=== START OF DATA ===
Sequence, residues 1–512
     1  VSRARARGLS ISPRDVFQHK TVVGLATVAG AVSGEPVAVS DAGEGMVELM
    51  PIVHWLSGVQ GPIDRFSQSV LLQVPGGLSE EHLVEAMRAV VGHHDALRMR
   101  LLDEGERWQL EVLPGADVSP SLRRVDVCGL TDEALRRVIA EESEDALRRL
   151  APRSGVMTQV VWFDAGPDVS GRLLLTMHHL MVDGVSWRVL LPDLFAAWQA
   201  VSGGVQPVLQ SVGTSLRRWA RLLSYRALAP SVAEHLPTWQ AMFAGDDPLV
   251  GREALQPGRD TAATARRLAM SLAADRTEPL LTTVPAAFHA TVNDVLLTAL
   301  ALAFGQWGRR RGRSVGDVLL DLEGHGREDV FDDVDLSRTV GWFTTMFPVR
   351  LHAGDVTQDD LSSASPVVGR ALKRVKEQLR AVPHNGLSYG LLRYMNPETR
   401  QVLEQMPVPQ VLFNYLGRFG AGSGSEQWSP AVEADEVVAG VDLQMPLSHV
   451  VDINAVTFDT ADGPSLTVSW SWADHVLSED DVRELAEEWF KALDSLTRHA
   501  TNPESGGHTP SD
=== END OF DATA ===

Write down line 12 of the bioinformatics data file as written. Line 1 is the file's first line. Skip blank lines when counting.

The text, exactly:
   501  TNPESGGHTP SD